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Maxing out the Mini Delta 3D printer

It’s been a bit since the last post as we’ve been adventuring a lot lately. We’re getting ready for Halloween by printing out ghost decorations on the Monoprice Mini Delta and we’re maxing out the build volume in the process. Follow along and check out how to get the most out of the little printer.

With Halloween around the corner, I was feeling a little behind the curve when it came to all the cool stuff that I could print out for the holiday found on Thingiverse. I looked at dozens of spooky items, but kept coming back to the same will it be big enough thought. This is mainly because the Mini Delta can only print 110mm (4.33”) in diameter, but I typically only go to 90mm (3.54”) just so I have a little give. About the time I was going to give up the search I found it - a PacMan Ghost Lantern!

Then the problem - it was way too big for the Mini Delta straight out of Thingiverse. This meant that I needed to resize the little guy. Since I like TinkerCAD and it works well on my trusty ThinkPad Chromebook I quickly imported the PacMan Ghost Lantern STL into the application and resized it to 90mm by 90mm.

Modifing in Tinkercad

While not shown here I keep a template file in my TinkerCAD account with a simple cylinder pre-made in it with a diameter of 90mm and a height of 110mm. This lets me quickly make sure that whatever I print will fit on the delta.

I then exported the modified STL file into AstroPrint where I sliced it and sent it onto the printer. This is where I did do a few setting tweaks. First off, I printed the PacMan Ghost on draft setting. Secondly I made sure to use the bed adhesion setting as there were only little points that connected the print to the bed.

Not any room left on that printer!

While the following video is really not the best quality, it does illustrate the challenge with this printing PacMan Ghost. All of the little feet are separate until the binding ring is completed. Luckily between manually slowing the Mini Delta with the button on the front of it and the bed adhesion I was able to make it work. The first time I didn’t slow the machine down, it knocked one of the triangles out of sorts.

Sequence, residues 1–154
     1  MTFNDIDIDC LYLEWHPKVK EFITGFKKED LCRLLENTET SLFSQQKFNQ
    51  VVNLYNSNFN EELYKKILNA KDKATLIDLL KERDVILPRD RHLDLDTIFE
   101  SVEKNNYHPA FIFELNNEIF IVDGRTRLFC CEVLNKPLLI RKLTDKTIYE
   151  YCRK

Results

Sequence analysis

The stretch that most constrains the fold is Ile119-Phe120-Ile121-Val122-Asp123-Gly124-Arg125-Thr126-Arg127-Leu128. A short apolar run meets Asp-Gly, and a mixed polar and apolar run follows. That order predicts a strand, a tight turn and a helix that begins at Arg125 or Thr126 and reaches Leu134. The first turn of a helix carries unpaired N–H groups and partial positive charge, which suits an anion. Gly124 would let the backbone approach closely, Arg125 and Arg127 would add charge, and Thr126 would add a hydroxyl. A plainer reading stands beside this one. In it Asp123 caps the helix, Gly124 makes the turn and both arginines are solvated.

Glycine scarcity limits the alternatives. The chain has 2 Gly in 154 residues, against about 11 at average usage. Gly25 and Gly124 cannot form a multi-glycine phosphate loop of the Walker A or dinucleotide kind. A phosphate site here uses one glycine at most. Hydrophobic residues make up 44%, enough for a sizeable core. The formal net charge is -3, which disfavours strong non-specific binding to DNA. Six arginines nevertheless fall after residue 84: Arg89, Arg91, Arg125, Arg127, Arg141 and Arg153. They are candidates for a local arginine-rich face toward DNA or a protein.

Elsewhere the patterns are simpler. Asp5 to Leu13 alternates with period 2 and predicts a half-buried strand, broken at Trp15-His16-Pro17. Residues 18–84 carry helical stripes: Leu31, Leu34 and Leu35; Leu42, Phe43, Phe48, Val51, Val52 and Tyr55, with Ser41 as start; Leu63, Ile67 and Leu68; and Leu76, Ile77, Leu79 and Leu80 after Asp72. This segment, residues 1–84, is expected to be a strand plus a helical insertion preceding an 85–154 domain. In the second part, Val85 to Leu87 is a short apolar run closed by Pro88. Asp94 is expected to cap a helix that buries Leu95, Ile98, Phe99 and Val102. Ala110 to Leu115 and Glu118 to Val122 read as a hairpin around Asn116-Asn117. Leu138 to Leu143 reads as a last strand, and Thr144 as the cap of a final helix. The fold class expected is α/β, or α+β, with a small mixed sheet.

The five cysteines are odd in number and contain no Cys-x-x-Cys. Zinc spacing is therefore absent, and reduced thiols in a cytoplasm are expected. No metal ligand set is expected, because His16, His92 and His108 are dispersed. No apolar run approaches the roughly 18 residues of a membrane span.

Sorry for the low quality video, the camera was out of focus.

A few hours later, there was a nifty little ghost sitting in the the Mini Delta. With a quick sanding of the feet to remove the bed adhesion it was ready to go. With it being on draft settings, it came out really well.

The final ghostly produce

While not a perfect print, it’s good enough - especially since this was in draft mode. Keep a look out for a future write up as I think I’ve found a mod for the delta to make it print even better!


Even after almost a year, the Monoprice Mini Delta keeps surprising me with how much it can really do. With a little thought the printer can make some good sized prints. This was a fun little weekend project the kids were able to get a kick out of, especially since the prints are hollow - all of their toys are wearing ghost masks and ready for Halloween!

Links to the other posts in the 3D Printing series

  1. 3D Printing from a Chromebook
  2. Monoprice Mini Delta
  3. 3D Printing with Astroprint
  4. Scaling woes with 3D Printing
  5. Maxing out the Mini Delta 3D printer